James Syme

Senior Fund Manager, JOHCM

Ramaphosa no sure cure for South Africa

“Ramaphosa inherits stagnant economy and divided party”

Financial Times, 15 February 2018















One of the unfortunate facts of emerging market investing is that emerging market political leaders who come to power with promises of much-needed reforms tend to disappoint. Even in the last few years, leaders from Jokowi in Indonesia to Enrique Peña Nieto in Mexico have started their leaderships with significant progress but subsequently disappointed (“Jokowi’s 35,000MW electricity program only reaches 3.8% progress” – Jakarta Post, 4 March 2018; “Release of jailed union boss reveals Mexican president’s empty promise” – Guardian, 21 December 2017).

The latest new national leader to promise a break with the past is South Africa’s Cyril Ramaphosa, elected the country’s president in February following the resignation of Jacob Zuma after a raft of corruption allegations. From the December 2017 confirmation that Cyril Ramaphosa would replace Jacob Zuma to the February 2018 transition of power, the South African rand rallied 14.0% against the US dollar, reflecting optimism for political and economic reforms under a Ramaphosa administration. In particular, his decision to recall previous ministers Nhlanhla Nene and Pravin Gordhan (both sacked by Zuma) suggests improved prospects for economic policy and governance.

However, it is our view that South Africa faces serious economic challenges with no obvious solutions, while the broad political grouping that is the ANC will further constrain the new Government’s ability to act.

We regard all incoming EM political reformers as ‘show-me’ stories, but this is particularly true of Cyril Ramaphosa, as we cannot even see the reform path that would turn South Africa around. 

The most serious problem for South Africa is its failure to generate economic growth. The National Development Plan requires a 5.4% economic growth rate to make a serious dent in the country’s 27% unemployment rate. Growth in the last five years has averaged 1.4%, and consensus expectations are for 1.5% in 2018 and 1.7% in 2019. There are various reasons for the poor growth rate, but South Africa’s failures in the last 20 years to support both infrastructure and education are particularly to blame. While the recent water supply shortage in Cape Town has attracted the most news coverage, a chronic undersupply of electrical power has had far worse effects on business and the economy. To address either the infrastructure or education problems will take large sums of state investment as well as considerable time, which make improvements seem simply impossible.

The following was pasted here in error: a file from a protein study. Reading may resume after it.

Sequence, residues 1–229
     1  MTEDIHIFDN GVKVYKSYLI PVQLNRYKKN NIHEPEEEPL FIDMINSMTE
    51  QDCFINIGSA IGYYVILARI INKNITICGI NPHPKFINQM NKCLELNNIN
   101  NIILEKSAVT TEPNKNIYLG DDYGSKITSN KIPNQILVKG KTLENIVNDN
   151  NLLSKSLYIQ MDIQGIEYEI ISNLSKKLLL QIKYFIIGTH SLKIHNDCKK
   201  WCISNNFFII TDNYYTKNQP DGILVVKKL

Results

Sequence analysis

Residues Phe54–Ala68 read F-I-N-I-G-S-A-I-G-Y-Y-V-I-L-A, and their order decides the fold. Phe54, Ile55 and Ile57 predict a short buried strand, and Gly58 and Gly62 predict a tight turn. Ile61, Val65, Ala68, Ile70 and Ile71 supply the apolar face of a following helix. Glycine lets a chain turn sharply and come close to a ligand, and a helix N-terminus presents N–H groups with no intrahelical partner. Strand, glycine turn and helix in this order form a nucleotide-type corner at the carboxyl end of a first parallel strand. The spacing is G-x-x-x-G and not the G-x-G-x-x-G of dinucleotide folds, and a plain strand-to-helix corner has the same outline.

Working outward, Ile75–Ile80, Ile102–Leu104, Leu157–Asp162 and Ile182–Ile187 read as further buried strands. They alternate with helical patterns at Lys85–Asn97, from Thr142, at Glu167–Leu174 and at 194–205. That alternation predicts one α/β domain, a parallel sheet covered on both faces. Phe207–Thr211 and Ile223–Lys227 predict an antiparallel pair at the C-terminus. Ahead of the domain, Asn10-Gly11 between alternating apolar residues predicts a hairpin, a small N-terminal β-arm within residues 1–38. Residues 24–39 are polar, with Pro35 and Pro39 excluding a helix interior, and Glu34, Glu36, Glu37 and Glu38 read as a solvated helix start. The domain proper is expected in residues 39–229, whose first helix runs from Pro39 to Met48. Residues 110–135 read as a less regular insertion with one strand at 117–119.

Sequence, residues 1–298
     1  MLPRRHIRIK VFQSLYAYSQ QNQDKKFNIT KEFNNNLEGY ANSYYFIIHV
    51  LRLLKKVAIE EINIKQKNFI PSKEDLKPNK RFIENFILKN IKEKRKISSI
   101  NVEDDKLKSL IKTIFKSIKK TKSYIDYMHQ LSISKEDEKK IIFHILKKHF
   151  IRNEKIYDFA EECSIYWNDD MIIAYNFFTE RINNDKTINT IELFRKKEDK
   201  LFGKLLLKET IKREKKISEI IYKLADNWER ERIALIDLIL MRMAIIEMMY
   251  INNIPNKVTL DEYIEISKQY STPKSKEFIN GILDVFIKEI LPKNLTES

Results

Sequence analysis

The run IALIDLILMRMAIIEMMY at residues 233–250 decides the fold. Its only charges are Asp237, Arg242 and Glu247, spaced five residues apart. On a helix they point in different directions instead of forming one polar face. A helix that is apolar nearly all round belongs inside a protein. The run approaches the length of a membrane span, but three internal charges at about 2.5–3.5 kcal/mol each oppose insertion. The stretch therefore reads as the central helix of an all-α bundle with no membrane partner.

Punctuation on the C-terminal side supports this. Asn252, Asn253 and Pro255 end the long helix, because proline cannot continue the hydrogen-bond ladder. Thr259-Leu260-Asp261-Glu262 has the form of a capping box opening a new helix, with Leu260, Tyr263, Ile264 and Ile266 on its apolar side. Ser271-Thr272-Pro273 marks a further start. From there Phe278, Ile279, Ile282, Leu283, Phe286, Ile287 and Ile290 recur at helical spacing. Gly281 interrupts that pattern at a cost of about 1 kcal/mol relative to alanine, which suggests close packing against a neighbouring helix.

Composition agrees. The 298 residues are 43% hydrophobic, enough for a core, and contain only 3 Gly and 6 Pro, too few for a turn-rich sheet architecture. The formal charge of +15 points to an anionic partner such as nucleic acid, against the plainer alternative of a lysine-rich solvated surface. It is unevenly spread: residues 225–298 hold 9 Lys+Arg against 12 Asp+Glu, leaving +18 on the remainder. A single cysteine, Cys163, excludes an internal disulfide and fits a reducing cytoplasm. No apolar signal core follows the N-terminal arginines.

The South African fiscal budget remains materially stretched. The fiscal deficit is estimated to have been 4.3% of gross domestic product (GDP) in 2017, Fitch and S&P cut South Africa’s sovereign credit rating to junk last year, and Moody’s put the country on review for a credit downgrade in November 2017 (which is expected to be confirmed later this month). Meanwhile, parastatals like electricity power utility, Eskom, face financial distress. Eskom has recently sought ZAR20 billion (AUD$2.15 billion) in emergency credit from the Government just to remain operational. The higher education sector needs an additional ZAR 12 billion (AUD$ 1.3 billion) in financing this year.

In addition, the good news of the appointments of Nene and Gordhan is balanced by the problematic appointment of David Mabuza as Deputy President. Being an old ANC party insider from the struggle against apartheid, Mabuza has been the subject of very serious allegations in the last few years, including links to corruption and violence. The Ramaphosa administration is emphatically not a clean break from the Zuma years.

We regard all incoming EM political reformers as ‘show-me’ stories, but this is particularly true of Cyril Ramaphosa, as we cannot even see the reform path that would turn South Africa around. We remain cautious on the South African economy and currency, and prefer to invest in South African companies doing most of their business in other emerging markets.



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